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    WeWork return to junk bonds isn't working amid IPO valuation fears

    Abstract:"The whole company is built on continuously sourcing money from different investors based on higher and higher valuations."

      According to news reports, WeWork is exploring the possibility of issuing junk bonds to fulfill its funding needs after its biggest shareholder SoftBank reportedly urged the group to shelve its pending IPO plans.

      The company has issued junk bonds 2018, but investors wouldn't be as receptive now given its recent slash in valuation and uncertainty around its finances.

      “If the company's value is in question the whole thing unravels,” said John McClain, a portfolio manager at Diamond Hill, in an interview with Business Insider.

      Click here for more BI Prime stories.

      WeWork's days of running between different groups of investors to fund itself may well have caught a snag.

      In a flurry of bad news this week, the company's IPO is potentially set to be shelved on the recommendation of its largest shareholder SoftBank, and WeWork's latest plan to issue junk debt to meet its funding needs is spooking investors.

      Unprofitable, propped up by billions in funding from SoftBank, and with more than $1 billion in long-term debt outstanding, WeWork's plan to tap junk-bond markets to sustain itself has caused consternation. It has gone to high-yield bond investors before, but that was back in 2018, when junk bonds were the hot unicorn trend.

      As of yesterday morning in New York, the price of WeWork debt tumbled, as jittery investors sold the bonds. Its existing junk debt was yielding above 8% as investors continued to sell off holdings in the company.

      WeWork is now in a funding bind, having lined up a $6 billion credit line that is contingent on it raising at least $3 billion in its IPO, according to its S1 offering prospectus.

      Read more: WeWork's valuation is under fire. Here's everything we know about its IPO plans, finances and concerns around CEO Adam Neumann.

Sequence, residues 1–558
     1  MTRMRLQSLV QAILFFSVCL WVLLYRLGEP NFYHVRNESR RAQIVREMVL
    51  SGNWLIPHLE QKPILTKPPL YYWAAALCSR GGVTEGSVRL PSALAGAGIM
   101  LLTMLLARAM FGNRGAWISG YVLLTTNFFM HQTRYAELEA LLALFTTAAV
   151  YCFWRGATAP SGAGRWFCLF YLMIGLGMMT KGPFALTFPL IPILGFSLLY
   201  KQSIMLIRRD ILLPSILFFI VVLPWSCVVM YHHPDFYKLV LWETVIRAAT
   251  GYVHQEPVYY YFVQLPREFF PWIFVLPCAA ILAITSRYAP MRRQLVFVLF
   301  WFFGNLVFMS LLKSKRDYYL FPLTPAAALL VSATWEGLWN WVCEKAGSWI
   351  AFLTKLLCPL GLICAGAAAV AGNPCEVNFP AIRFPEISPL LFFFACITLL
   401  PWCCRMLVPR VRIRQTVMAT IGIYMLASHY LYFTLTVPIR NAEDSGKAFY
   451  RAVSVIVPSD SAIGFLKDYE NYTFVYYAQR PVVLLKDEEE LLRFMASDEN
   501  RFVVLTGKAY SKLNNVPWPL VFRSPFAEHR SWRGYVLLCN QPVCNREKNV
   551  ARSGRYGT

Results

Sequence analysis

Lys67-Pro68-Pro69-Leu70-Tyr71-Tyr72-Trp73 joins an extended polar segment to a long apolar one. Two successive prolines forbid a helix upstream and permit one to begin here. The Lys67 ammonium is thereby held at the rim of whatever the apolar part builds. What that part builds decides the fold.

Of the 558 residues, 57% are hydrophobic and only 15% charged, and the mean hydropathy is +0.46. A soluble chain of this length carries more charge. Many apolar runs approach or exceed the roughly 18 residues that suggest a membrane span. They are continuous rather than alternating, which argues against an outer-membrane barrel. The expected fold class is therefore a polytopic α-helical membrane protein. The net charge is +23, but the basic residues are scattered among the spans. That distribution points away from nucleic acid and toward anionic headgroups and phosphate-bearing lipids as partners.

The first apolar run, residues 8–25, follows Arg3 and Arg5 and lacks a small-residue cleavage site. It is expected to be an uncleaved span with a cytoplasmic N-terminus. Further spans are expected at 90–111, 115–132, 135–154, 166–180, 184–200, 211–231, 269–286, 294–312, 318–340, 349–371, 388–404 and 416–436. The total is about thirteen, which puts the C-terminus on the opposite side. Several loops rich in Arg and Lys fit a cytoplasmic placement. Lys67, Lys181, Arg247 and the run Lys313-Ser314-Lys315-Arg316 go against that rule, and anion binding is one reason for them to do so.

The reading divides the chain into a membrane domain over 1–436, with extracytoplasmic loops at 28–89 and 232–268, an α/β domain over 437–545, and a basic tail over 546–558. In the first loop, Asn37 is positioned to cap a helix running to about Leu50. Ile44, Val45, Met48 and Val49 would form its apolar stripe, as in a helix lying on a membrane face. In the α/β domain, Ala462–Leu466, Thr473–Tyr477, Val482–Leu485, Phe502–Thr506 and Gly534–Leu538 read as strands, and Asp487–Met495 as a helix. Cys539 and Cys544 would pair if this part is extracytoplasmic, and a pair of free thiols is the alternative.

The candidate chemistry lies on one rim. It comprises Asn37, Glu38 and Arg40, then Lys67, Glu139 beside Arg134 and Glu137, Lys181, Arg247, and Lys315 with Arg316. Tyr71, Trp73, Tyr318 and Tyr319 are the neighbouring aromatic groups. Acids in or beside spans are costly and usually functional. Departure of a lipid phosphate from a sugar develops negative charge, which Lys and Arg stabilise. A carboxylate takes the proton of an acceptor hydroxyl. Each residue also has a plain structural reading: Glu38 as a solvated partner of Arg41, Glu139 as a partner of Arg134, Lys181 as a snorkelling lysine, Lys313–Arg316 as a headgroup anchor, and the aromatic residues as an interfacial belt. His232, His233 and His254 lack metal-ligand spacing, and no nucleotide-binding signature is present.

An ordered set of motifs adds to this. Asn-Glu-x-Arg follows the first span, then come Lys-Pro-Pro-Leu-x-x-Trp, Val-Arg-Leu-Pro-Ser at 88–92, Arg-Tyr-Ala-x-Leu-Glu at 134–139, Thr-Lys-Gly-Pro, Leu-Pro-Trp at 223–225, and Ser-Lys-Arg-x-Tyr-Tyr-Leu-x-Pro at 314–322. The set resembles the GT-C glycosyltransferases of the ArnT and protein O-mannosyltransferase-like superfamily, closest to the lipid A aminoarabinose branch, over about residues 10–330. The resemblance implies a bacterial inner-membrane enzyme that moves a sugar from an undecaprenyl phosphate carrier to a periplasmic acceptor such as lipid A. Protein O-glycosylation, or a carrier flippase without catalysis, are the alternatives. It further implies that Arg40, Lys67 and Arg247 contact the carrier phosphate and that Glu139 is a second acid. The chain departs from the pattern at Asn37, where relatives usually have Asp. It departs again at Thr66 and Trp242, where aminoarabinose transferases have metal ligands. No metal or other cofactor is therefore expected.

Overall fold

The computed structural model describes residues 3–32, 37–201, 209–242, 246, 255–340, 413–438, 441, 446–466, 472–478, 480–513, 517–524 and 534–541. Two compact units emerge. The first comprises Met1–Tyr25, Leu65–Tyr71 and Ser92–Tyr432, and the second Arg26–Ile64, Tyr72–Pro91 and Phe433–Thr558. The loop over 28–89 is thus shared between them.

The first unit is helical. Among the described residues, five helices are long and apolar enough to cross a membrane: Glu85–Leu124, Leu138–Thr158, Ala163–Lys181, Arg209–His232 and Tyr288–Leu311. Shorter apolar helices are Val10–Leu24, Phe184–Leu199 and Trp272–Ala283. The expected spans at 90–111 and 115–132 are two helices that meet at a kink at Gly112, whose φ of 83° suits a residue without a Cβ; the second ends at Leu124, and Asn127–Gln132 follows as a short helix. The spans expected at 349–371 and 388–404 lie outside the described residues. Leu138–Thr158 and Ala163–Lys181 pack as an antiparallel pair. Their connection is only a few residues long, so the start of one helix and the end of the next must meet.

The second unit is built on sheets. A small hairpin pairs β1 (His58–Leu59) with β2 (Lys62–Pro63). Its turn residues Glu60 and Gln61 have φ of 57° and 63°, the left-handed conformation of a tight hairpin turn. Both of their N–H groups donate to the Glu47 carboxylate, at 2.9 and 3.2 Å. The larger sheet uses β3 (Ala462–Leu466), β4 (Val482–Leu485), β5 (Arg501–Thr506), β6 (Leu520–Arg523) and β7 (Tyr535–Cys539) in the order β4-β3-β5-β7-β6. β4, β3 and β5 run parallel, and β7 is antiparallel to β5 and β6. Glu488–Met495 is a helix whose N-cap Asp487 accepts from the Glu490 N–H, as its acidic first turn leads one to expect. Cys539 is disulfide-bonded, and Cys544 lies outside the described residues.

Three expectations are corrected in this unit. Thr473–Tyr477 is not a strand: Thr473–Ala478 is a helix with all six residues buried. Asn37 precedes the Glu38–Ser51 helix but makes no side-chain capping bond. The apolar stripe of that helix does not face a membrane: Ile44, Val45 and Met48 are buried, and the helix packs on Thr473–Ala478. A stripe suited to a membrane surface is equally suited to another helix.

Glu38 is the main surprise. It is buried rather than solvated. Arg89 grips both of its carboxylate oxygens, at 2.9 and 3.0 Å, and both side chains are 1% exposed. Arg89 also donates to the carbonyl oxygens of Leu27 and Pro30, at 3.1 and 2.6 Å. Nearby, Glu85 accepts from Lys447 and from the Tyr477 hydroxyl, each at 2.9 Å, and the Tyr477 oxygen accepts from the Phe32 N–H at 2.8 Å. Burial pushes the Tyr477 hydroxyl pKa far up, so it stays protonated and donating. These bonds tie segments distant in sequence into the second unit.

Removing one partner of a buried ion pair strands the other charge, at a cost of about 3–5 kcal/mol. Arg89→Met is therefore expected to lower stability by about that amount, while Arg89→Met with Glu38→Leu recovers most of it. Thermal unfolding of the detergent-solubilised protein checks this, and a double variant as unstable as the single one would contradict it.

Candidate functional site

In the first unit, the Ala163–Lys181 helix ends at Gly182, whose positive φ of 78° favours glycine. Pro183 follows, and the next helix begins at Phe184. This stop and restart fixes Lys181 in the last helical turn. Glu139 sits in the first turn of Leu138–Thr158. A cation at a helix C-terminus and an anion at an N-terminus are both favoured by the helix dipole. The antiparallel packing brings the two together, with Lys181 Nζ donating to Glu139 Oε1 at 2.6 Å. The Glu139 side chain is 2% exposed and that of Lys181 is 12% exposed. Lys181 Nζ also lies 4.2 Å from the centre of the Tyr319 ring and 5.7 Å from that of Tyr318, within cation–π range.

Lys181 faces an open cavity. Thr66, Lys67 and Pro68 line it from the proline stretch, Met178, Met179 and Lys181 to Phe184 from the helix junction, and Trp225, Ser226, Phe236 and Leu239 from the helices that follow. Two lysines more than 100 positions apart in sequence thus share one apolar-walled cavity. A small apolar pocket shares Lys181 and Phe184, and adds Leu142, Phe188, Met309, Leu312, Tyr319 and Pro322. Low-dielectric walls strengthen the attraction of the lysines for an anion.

“The whole company is built on continuously sourcing money from different investors based on higher and higher valuations. If the company's value is in question, the whole thing unravels,” John McClain, a portfolio manager at Diamond Hill, a US investment firm that manages fixed-income funds, told Business Insider in an interview.

      “Their borrowing model is seriously in question at this point,” he added.

      Holders of WeWork's existing debt have already started selling off their holdings as a result of the IPO's struggle to gain traction. The company had initially hoped for a massive valuation of around $47 billion, but The Wall Street Journal reported on Sunday that the company reportedly could slash the valuation to below $20 billion.

      McClain said in the case of WeWork, he had never seen a unicorn with such a high valuation seemingly have so little support from both equity and debt investors.

      WeWork declined to comment to Business Insider.

      WeWork's hunger for junk bond debt in 2018

      WeWork previously issued $702 million in unsecured bonds in 2018, at a hot point in fixed income markets. The company is rated B, sub-investment grade or junk, by ratings agencies Fitch and S&P, meaning its debt issuance appeals to high-yield investors who are willing to take on more risk to fund a company.

      The company's inaugural junk bonds yielded 7.875% and attracted plenty of investor interest, following in the path of other fast growing tech companies like Uber, Tesla, and Netflix in tapping the high yield market. However, investors have become increasingly wary of cash burning companies piling on leverage amid dubious financials.

      Highly rated private tech companies with valuations north of $1 billion, known as unicorns, are not traditional occupants of the high yield space. But they found a sweet spot of investor demand starting last year amid low US Treasury yields and a boom in leveraged lending.

      The attractiveness of these companies was previously described as a “halo effect,” but a lack of cogent information about a company's explicit financials can cause investor sentiment to tumble.

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